Doesn't come as much of a shock.

I'd just add that those Linux CD's take very little to prepare and are a great thing to have in your toolbag anyway. Just about any will do for this sort of thing and everyone has their favorites.

The reason I talk about Puppy 4.2 for this, is that it doesn't store any settings on your HD - any saves go back to the CD. If you don't bother to save the easy settings (such as what type of mouse you have and monitor size) then it will run perfectly well enough as a diagnostic aid or data retrieving tool on any computer running any operating system. Alternatively it can be tailored to a specific computer by saving all settings for a quick boot. You can even get online with it.

Once done, you remove the CD and Windows will have not been touched in any way. They work between RAM and the CD only.

I've heard other folk mention Knoppix. It's probably just as good or maybe better, simply that I've never used that particular one.

Always pop back and let us know the outcome - thanks


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#20
September 5, 2012 at 00:35:19
Thanks for all your views.

I'm not that much of a techie - are there any detailed instructions anywhere to produce a Linux CD?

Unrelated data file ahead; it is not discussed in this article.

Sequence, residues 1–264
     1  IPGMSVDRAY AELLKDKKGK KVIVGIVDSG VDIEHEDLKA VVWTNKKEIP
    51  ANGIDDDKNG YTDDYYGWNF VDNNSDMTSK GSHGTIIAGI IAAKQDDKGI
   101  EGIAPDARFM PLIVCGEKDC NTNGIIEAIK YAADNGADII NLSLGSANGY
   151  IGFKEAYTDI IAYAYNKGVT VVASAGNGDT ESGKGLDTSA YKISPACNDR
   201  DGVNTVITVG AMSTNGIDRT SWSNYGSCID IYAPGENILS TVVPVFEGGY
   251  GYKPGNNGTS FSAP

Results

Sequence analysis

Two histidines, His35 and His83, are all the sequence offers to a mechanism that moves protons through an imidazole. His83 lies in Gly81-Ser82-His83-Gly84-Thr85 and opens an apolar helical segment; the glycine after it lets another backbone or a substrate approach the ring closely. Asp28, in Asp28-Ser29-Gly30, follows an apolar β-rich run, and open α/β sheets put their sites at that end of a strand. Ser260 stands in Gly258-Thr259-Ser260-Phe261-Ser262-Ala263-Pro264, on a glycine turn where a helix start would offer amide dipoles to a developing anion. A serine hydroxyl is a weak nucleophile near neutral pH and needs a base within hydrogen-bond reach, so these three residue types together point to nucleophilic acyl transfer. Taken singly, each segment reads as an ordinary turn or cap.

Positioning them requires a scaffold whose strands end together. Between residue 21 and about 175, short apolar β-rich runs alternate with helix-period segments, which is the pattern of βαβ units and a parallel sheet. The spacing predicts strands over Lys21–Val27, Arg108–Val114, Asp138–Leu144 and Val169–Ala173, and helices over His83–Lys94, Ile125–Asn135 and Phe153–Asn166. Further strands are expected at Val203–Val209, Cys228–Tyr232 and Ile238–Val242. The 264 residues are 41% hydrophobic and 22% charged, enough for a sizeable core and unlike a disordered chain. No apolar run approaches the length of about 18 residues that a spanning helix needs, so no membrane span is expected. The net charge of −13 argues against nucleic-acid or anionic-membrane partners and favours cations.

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#21
September 5, 2012 at 08:37:56
✔ Best Answer
Don't be scared off by all the text that follows. Taken step at a time it is quite easy. Computers take lots of words if you try to cover every eventuality. I'll use Puppy Linux 4.3.1 as an example (this is the highest number version that only makes saves to the CD - which I happen to prefer for this sort of thing).

You go here and select it from the list:
http://www.puppylinuxfaq.org/first-...

Download the file (pup-431.iso) but don't Run it, instead use SAVE and put the download into some spare folder or other. Perhaps make a folder called Puppy somewhere and send it there. It doesn't matter too much as long as you know where it is but I tend not to clutter the desktop with things like this.

So, you now have a download which requires burning onto a CD, but it is known as an image (iso) and you don't just copy it onto a CD, you create a CD from it. Almost all burning software has some sort of "create a CD from an image" faclity - although the exact wording will vary. In the unlikely event that you have no such facility there are small freebies that will do so.

Assuming you have produced the CD you then have to boot your sytem with it by poking it into the drive then turning the power on. Chances are that your hard drive will be ahead of the CD/DVD drive so it will see that first and continue to Windows. If that happens you have to do is go into BIOS and set the CD/DVD drive ahead of the hard disk.

If you are not sure how to get into BIOS then watch the screen when booting as it usually tells you. It usually refers to SETUP rather than BIOS. Commonly you either hit the F2 key or the Del key to get there. How you make the setting varies but if you make a mistake and set something in error then you can escape without making changes and have another go. Once you have done this you can keep it that way - any delay to booting will be too small to notice.